Story: MAURICE QUANSAH
THROUGH no fault of his, Andre 'Dede' Ayew has been under media spotlight as he bids to follow his father's footsteps as the son of the legendary Abedi Pele Ayew, easily Ghana's most celebrated player of all time and one of Africa's greatest players.
Not many sons of famous footballers have made it as big as their fathers. They are often bogged down (and sometimes consumed) by the weight of expectations as people tend to make comparisons between these promising kids and their great fathers. The comparison becomes even more intense when the wonder kids bear striking resemblance as their fathers, both in looks and general disposition on the football field.
Like his famous father, Andre is a prolific attacking midfielder with a playing style similar to his father’s, including being left-footed. He is supremely gifted and has a big heart for big occasions, as has been evident in his three appearances as a substitute for the Black Stars at the MTN Africa Cup of Nations.
Also, like his father, Andre is making his mark at France's Olympique Marseille, the club where Abedi won four French Ligue 1 titles and made two European Champions League final appearances, including Marseille's famous Champions League win in 1993.
Such comparisons may not always be logical, but what else can be said of a promising youngster who made his international debut at 17, just like his father who became the youngest winner of the Africa Cup of Nations at 17 when Ghana completed a quartet of continental titles in 1982.
After impressing in the UEFA Champions League where he displaced French international Djibril Cisse in the Marseille team, Andre has been linked with a summer move to English Premiership giants Arsenal, whose French manager, Arsene Wenger, has reportedly made a £5 million bid for the Ghanaian.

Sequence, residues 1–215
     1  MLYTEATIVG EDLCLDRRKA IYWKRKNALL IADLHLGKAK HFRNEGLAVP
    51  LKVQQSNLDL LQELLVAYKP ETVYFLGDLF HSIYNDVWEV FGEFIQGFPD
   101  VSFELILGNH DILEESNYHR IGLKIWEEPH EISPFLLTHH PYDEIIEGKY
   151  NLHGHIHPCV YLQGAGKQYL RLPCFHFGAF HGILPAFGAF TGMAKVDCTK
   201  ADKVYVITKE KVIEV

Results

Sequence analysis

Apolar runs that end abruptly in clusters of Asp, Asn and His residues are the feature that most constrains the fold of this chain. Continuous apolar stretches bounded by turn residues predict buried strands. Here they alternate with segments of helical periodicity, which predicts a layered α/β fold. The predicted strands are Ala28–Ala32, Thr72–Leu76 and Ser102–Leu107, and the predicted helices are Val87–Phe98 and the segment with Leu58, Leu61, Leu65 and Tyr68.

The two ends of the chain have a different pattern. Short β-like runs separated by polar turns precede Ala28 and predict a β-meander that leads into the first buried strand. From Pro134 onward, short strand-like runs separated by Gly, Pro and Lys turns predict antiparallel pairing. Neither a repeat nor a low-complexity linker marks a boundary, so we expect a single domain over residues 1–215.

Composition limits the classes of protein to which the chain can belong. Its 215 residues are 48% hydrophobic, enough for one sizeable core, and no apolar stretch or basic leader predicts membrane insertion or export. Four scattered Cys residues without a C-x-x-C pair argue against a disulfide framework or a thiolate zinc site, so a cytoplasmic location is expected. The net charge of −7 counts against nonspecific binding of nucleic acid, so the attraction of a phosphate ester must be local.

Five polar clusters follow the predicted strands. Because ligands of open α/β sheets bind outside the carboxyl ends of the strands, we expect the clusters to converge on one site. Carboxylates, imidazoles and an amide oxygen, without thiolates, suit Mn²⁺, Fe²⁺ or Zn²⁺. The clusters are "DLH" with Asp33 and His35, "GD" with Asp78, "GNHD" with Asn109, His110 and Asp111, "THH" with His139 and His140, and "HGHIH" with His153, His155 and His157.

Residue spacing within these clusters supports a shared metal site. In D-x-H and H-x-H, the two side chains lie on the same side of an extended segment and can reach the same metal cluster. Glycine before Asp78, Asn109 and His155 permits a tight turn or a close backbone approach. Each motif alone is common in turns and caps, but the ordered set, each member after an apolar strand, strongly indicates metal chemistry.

At the tender age of 18, Andre has carried the famous family name well and won many fans, particularly female admirers who seem to adore him as much for his talent as for his good looks.
How times have changed! When the Abedi-led Black Stars returned home after finishing fourth at the 1996 Africa Cup of Nations in South Africa, an innocent-looking, six-year-old Andre and his younger brother Jordan were at the Kotoka International Airport to welcome their father.
The Ayews surely have football genes, with ex-Black Stars striker Kwame Ayew and ex-Hearts of Oak and Black Meteors midfielder Sola Ayew both carrying the family name at different periods in their careers.
Several years down the line, Andre is carrying the family torch and is destined for greatness. Similarly, Jordan Ayew's garden looks equally green after he was recently invited into the France Under-17 team.
Close observers believe that Jordan, who plays for the youth team of Marseille, is more gifted than Andre and may become a bigger football star. Only time will tell.
Andre has long been touted as one of the best youngsters in France and actually received four call-ups into the French national youth team but minor injuries prevented him from playing for the country of his birth until he made his Ghana debut last August against Senegal in London, three months after he had signed for a professional contract with the senior team of Marseille.
A well-cultured youngster, Andre acknowledges he is still on the learning curve and working his way to the top without living in his father's shadow.
"I want to make a name for myself and not just be seen as the son of Abedi Pele," he says.